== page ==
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Death in Five Boxes (Sir Henry Merrivale, #7)
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Death in Five Boxes (Sir Henry Merrivale #7)

3.78  ·  Rating details ·  101 Ratings  ·  11 Reviews
A cosy late evening party, a cocktail or two…and a nasty murder. So begins the baffling case of the killing of Felix Haye. Five people had a motive, but not one had the opportunity to poison the drinks – and poisoned they were. Chief Inspector Humphrey Masters clamors for clues from Egyptian mummies and clever clerks while Sir Henry Marrivale spots the legerdemain, and it’ ...more
Paperback, 192 pages
Published 1982 by Bantan (first published 1938)
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Tony
DEATH IN FIVE BOXES. (1938). Carter Dickson. ***.
As we know, the name Carter Dickson was a pseudonym used by American writer, John Dickson Carr (1906-1977). As Carter Dickson, the author uses a series protagonist, Sir Henry Merrivale, and attendent representative from Scotland Yard, Chief Inspector Humphrey Masters. In this case, it is discovered that a small private party has turned into a tragedy. Of the five people at the gathering, four were found poisoned by atropine, and the fifth, the sp
...more
J.V. Seem
Feb 01, 2014 rated it really liked it  ·  review of another edition
Shelves: crime
This was addictive from page one: A group of people at a party are all drugged. Once everyone's unconscious, someone stabs and murders the host.
It's hard sometimes to find new and interesting things to say about John Dickson Carr novels, simply because I read so many, and because all of them have the same great quality, the author never seeming to have a bad writing day, as evident with other writers.
However, I did pick up on two things that stuck out in this one: First, it's actually pretty com
...more
Julie
Dec 12, 2016 rated it really liked it  ·  review of another edition
Shelves: crime
Un polar à l'ancienne très sympa, des personnages tous aussi menteurs les uns que les autres et un Sir Henry Merrivale parfait pour dénouer tous les mystères.
Graham Powell
Jul 31, 2014 rated it really liked it  ·  review of another edition
I first read this book thirty years ago or more, when I was a teenager, and I thought it was really good. I'm glad to see that it still holds up.

A stockbroker, known as something of an eccentric, throws a dinner party for three of his acquaintances. Despite the fact that the cocktails are prepared in full view of all of them, someone doses them with atropine, leaving them insensible. And then runs the host through with a swordstick.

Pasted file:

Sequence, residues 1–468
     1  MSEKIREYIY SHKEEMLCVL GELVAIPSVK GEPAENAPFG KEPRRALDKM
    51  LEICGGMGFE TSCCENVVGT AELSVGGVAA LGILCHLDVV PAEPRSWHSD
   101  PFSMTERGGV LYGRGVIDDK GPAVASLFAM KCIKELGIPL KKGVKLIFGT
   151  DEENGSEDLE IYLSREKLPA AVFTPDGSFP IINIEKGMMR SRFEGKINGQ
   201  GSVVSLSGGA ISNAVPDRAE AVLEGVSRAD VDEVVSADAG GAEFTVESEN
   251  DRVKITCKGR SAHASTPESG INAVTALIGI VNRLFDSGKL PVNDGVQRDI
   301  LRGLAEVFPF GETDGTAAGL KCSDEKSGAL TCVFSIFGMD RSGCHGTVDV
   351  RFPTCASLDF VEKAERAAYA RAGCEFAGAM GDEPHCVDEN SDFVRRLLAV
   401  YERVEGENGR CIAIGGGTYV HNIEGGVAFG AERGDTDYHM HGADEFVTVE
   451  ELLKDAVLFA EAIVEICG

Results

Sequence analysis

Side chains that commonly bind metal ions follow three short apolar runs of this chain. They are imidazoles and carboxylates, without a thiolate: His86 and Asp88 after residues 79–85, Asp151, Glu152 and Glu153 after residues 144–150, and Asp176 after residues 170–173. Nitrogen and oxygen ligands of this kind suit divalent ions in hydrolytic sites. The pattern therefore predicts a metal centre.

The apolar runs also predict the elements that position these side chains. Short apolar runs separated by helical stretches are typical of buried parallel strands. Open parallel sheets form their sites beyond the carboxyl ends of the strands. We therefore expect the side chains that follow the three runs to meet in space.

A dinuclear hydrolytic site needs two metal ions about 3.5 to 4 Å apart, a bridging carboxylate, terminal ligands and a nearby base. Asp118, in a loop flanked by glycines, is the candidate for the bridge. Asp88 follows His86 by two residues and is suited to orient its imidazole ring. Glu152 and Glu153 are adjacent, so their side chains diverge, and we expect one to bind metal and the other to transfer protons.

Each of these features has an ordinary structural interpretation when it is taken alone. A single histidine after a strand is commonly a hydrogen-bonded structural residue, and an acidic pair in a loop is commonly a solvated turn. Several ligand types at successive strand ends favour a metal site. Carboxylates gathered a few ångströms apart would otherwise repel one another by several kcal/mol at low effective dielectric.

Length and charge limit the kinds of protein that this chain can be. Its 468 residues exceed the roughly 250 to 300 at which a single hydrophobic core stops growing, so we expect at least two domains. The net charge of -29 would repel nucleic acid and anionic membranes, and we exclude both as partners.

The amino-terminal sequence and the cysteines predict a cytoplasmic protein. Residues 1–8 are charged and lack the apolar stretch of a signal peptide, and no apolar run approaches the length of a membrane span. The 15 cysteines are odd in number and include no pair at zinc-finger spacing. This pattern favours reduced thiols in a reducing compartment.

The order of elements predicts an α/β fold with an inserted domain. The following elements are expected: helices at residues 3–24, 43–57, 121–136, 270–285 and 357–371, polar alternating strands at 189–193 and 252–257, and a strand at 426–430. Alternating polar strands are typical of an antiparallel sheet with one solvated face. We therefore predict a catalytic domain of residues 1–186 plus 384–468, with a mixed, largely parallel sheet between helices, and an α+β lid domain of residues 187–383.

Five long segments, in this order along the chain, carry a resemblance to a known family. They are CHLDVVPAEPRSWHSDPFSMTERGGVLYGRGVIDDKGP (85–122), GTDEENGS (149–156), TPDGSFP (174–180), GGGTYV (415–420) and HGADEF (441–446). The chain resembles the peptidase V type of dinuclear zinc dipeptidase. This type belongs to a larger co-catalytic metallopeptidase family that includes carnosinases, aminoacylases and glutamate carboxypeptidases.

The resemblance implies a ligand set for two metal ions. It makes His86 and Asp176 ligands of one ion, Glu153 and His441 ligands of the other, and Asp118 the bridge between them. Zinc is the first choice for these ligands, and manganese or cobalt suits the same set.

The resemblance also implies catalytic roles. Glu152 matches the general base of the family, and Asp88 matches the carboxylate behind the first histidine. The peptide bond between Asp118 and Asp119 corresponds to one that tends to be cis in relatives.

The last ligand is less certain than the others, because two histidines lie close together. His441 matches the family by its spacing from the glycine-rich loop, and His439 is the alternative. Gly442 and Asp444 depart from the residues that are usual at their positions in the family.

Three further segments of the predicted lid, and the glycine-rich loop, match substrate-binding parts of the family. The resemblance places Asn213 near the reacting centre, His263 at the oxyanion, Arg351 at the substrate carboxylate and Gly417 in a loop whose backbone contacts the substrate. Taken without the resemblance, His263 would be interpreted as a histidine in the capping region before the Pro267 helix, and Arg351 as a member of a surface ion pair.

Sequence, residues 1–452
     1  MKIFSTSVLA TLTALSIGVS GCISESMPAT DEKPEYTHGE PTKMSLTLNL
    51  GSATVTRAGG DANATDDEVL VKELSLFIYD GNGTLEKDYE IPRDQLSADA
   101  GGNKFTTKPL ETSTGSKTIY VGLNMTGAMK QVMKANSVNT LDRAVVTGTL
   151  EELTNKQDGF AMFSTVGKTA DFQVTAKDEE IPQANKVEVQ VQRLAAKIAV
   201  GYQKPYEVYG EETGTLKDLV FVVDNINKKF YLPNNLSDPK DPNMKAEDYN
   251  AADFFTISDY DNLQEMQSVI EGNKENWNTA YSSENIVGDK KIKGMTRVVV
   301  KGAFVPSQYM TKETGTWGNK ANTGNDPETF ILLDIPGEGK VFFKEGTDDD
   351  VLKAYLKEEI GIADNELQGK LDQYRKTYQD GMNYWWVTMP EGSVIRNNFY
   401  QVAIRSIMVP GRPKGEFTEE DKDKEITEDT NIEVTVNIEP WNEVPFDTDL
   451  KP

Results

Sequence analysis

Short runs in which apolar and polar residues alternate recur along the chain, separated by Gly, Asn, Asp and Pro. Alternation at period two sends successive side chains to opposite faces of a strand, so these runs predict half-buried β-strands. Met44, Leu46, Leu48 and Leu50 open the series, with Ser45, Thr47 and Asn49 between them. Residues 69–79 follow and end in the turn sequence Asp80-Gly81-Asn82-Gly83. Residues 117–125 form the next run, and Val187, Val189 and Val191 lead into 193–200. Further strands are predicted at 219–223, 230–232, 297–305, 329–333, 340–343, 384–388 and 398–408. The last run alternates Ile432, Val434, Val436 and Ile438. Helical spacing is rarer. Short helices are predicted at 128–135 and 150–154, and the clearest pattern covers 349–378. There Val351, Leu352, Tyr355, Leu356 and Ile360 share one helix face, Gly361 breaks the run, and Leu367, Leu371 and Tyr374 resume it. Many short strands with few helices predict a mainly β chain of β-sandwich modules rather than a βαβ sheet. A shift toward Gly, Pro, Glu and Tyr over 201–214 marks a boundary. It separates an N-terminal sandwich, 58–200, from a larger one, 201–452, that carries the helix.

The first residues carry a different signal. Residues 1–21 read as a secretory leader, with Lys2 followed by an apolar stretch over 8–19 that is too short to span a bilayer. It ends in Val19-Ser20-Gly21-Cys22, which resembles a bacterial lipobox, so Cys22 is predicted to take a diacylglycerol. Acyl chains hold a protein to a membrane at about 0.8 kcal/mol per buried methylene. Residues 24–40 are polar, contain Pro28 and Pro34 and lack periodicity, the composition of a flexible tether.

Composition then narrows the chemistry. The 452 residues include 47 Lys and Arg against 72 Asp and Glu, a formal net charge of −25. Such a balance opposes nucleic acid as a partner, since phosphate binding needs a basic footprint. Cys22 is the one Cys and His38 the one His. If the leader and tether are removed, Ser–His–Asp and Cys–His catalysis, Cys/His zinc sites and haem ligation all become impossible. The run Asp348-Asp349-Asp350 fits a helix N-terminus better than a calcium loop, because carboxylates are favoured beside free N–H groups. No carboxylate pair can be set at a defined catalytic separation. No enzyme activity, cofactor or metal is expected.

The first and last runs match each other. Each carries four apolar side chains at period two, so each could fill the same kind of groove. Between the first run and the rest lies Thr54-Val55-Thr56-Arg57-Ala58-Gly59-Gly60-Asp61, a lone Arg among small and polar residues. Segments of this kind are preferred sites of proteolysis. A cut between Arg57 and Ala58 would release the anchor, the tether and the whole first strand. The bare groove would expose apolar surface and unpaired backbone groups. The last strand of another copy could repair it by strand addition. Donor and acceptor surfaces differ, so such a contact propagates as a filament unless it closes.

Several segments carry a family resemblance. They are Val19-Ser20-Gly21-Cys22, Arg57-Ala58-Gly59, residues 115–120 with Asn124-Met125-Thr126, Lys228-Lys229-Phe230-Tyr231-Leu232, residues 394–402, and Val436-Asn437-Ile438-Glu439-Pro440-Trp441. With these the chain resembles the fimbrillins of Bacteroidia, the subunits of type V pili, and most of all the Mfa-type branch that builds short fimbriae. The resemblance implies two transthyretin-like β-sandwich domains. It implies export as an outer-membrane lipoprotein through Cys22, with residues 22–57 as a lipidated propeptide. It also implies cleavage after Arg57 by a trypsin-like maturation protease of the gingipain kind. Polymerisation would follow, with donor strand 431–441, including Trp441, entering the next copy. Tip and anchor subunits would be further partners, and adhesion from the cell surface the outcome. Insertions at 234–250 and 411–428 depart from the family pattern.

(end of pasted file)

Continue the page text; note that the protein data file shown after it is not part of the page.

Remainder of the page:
Sir Henry Merrivale is drawn into the case, and manages to sort
...more
March
Similar premise to Christie's Cards on the Table, but with an impossible poisoning angle. How the poisonings were done is fairly easy to work out--this would be a good Carr for newbies--though the fact that none of the investigators asks a Certain Obvious Question is simply not believable. Good misdirection regarding the culprit's identity. However, the situations (romantic and otherwise) in which the protagonist manages to entangle himself are frequently ludicrous.
Shivam
Sep 19, 2013 rated it it was ok  ·  review of another edition
Shelves: mystery
Everything about this book was great. a perfect mysterious atmosphere. number of suspects and a little bit of thrill. but i was dissappointed in the grand finale. i was expecting some grander solution .some speculative surprise. As is a saying in hindi "Khoda pahad nikla chuha" (which means- dug a mountain, found a mouse) although the process of digging the mountain was enjoyable. excluding the conclusion this book would get 4-5 stars.
Mark
Oct 05, 2009 rated it really liked it  ·  review of another edition
Classic old school locked door impossible whodunit. Dickson (really John Dickson Carr) is truly a master mystery craftsman and this one is chock full of aristrocratic suspects with checkered pasts, red herrings galore, delightful characters, romance and action. And all in under two hundred pages! A total pleasure.
Colin
Aug 09, 2016 rated it really liked it  ·  review of another edition
My Merrivale marathon continues apace and this one is a doozy.Really enjoyed this one,contains all the usual Carr hallmarks,it's complex,red herrings a plenty and just when you think something will be revealed it cuts to a different locale and character.
Highly recommended!
Sergey
Jun 15, 2008 rated it liked it
A fun murder mystery. Eh, not that murder should be fun, mind you. But this mystery was quite comical in a sense – quite unreal, really. I enjoyed it.
JZ
Mar 27, 2009 marked it as to-read  ·  review of another edition
Shelves: mystery, own
8th in Sir Merrivale series. 1938.
Himitsu_no_ai
Feb 19, 2012 rated it really liked it  ·  review of another edition
It was highly interesting. I would definitely recommend it. You are not going to be able to put it down until it's finished. :)
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Other Books in the Series

Sir Henry Merrivale (1 - 10 of 23 books)
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  • The White Priory Murders (Sir Henry Merrivale, #2)
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  • The Unicorn Murders (Sir Henry Merrivale, #4)
  • The Punch and Judy Murders (Sir Henry Merrivale, #5)
  • The Peacock Feather Murders (Sir Henry Merrivale, #6)
  • The Judas Window (Sir Henry Merrivale, #8)
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  • Nine and Death Makes Ten (Sir Henry Merrivale, #11)

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